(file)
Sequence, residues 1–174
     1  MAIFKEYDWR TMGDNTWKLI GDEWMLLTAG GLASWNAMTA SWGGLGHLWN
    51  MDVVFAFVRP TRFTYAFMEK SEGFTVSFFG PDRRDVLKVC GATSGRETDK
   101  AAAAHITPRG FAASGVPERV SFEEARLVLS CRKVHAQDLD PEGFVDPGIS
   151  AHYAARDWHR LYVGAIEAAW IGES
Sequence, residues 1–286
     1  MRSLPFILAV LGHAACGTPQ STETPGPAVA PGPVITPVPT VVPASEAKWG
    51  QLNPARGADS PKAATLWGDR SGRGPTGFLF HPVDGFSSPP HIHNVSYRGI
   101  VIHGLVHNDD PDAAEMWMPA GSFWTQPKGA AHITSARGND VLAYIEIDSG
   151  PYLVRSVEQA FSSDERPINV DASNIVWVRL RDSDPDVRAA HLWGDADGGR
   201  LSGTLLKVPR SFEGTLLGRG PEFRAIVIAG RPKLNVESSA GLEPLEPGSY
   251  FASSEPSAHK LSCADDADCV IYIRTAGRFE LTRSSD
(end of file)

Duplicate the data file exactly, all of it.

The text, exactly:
Sequence, residues 1–174
     1  MAIFKEYDWR TMGDNTWKLI GDEWMLLTAG GLASWNAMTA SWGGLGHLWN
    51  MDVVFAFVRP TRFTYAFMEK SEGFTVSFFG PDRRDVLKVC GATSGRETDK
   101  AAAAHITPRG FAASGVPERV SFEEARLVLS CRKVHAQDLD PEGFVDPGIS
   151  AHYAARDWHR LYVGAIEAAW IGES
Sequence, residues 1–286
     1  MRSLPFILAV LGHAACGTPQ STETPGPAVA PGPVITPVPT VVPASEAKWG
    51  QLNPARGADS PKAATLWGDR SGRGPTGFLF HPVDGFSSPP HIHNVSYRGI
   101  VIHGLVHNDD PDAAEMWMPA GSFWTQPKGA AHITSARGND VLAYIEIDSG
   151  PYLVRSVEQA FSSDERPINV DASNIVWVRL RDSDPDVRAA HLWGDADGGR
   201  LSGTLLKVPR SFEGTLLGRG PEFRAIVIAG RPKLNVESSA GLEPLEPGSY
   251  FASSEPSAHK LSCADDADCV IYIRTAGRFE LTRSSD